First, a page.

Bosnia and Herzegovina is a small country located in the Western Balkan Peninsula, south east of the European continent. Bosnia and Herzegovina was earlier a part of Yugoslavia. Bosnia and Herzegovina is bordered by Croatia in the north, west and south west, Serbia in the east and Montenegro in the south. It has access to a small portion of the Adriatic Sea coastline in the south. The northern part is hilly but the terrain gets flat as you travel towards the north east.
Socially Bosnia and Herzegovina is divided into three ethnic communities - Bosniaks, Serbs and Croats. To the world, however, a citizen of Bosnia and Herzegovina is identified as a Bosnian regardless of ethnicity.
Our Bosnia-Herzegovina Guide together with our Bosnia-Herzegovina tour suggestions will tell you all you need to know about the many amazing Bosnia-Herzegovina highlights. For tips on the best way to get around Bosnia-Herzegovina read our Bosnia-Herzegovina transportation guide.
Check out all the local exciting things to see and do in the following Bosnia-Herzegovina destinations:
Check on the links below or scroll down the page for some useful information about some of the exciting things to see & do in Bosnia-Herzegovina:
Bascarsija, located in the old town of Sarajevo, is where the traders from west met the locals to trade their wares as long ago as the 15th century. It is one of the main streets and an important landmark in Sarajevo. The charming little market is where all the activity is and it takes quite an effort to stay away from its attractive shops.
Bosnians are extremely hospitable people and that is reflected in the warmth of the people in Sarajevo. Even first time visitors feel at home in Sarajevo. Architectural modernisation has not gone overboard here and the city still retains its charm. It is not an expansive city nor does it have large buildings and tall monstrosities obstructing the panoramic views from different corners of the city.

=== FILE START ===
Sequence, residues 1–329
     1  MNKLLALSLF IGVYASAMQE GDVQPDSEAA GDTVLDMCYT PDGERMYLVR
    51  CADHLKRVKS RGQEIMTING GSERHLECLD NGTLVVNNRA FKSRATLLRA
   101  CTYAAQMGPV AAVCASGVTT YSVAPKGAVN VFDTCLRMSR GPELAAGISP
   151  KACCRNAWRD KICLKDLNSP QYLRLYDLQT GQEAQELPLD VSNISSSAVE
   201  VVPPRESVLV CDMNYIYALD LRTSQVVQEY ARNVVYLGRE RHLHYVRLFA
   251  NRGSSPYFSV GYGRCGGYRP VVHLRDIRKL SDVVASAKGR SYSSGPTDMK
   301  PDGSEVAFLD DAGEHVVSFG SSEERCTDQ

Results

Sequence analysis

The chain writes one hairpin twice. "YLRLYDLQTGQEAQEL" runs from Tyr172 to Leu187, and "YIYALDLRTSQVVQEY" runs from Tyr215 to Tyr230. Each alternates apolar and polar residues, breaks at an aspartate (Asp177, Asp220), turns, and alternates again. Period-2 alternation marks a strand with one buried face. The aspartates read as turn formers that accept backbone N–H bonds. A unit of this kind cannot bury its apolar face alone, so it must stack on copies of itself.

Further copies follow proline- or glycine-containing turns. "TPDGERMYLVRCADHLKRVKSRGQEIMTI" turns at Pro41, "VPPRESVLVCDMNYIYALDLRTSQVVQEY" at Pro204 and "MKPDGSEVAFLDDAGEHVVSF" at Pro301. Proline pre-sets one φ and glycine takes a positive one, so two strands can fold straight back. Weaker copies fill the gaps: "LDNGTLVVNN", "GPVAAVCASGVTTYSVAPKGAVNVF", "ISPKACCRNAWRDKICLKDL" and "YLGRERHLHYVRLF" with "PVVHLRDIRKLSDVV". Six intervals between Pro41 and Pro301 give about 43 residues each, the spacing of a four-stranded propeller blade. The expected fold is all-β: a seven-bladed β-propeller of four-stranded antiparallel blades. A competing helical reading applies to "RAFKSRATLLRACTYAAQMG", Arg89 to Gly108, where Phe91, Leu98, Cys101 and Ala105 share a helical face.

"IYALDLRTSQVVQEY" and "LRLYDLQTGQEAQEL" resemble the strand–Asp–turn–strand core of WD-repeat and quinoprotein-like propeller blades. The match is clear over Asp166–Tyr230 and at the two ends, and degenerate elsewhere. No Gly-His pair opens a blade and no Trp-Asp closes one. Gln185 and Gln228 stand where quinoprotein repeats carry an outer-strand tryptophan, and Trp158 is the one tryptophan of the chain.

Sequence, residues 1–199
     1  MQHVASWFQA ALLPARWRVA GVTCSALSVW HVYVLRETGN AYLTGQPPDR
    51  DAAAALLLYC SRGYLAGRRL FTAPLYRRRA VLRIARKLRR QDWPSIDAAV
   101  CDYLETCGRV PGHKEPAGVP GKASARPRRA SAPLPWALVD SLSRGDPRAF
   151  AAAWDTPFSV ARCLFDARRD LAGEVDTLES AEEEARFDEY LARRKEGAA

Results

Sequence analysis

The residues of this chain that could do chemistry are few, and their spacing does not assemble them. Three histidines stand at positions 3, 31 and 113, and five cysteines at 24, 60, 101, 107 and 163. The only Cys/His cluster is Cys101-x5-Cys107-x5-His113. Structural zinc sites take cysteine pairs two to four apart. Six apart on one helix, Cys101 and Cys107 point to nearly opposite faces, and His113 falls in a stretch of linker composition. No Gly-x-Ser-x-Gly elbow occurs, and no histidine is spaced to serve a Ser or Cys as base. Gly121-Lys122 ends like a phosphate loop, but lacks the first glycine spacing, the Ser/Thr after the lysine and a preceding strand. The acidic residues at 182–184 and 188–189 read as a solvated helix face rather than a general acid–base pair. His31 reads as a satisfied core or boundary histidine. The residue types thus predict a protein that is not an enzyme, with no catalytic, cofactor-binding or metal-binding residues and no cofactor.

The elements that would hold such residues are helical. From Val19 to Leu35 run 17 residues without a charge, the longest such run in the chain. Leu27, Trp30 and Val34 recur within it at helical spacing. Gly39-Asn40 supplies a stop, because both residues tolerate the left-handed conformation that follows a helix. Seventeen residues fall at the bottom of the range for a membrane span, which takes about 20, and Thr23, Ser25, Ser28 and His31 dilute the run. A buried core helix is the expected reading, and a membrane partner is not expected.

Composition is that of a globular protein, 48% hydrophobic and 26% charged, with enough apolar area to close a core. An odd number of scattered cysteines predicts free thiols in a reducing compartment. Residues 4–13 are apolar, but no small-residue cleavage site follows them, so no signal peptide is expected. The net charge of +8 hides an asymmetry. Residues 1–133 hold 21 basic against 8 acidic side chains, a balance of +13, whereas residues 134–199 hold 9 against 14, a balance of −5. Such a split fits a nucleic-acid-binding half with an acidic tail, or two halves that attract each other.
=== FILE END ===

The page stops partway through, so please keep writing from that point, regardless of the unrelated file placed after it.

Sarajevo is nestled amidst mountains and the splendid backdrop of endless hills and regal mountains have in a way isolated the city. Despite this, the city has always thrown its doors open to the world.
Sarajevo does not have the hustle bustle of a typical capital city and there is a unique sense of calm in the air. Walking through the lanes of Sarajevo is like walking down the lanes of history. The city effortlessly straddles eastern and western cultures. The Byzantine and Ottoman empires of the east and the Roman, Venetian and Austro-Hungarian empires of the west have influenced the societal fabric through its diverse culture, traditions and religions. You can find remnants of the past in every nook and corner - be it the Ottoman quarters lined with cafes and sweet shops or the administrative and cultural centre of Austro-Hungarian times.
Few places on earth can boast of a Catholic church, a mosque and a synagogue at walking distance of each other, functioning harmoniously. Sarajevo is home to all. It is a city that encompasses diverse cultures and embraces whoever sets foot here.
Mostar is undoubtedly the most beautiful city in Bosnia and Herzegovina and the pearl in this oyster is Mostar's Stari Most (Old Bridge). The old bridge of Ottoman is not only a thing of beauty but is also a representation of east meeting west. The stone bridge connects the east and west banks of Neretva River and is the best existing example of the ingenuity of Dalmatian masonry.
The bridge was a key component of the city's character and when it was shelled mercilessly in 1993, it was as if the spirit was ripped from Mostar. For very long locals broke down on the sheer mention of the destroyed bridge. Now almost a decade later, a spanking new beautiful bridge arches across the raging river of Neretva. The reconstruction made a significant political statement - of the government wanting peace and life slowly getting back to normalcy.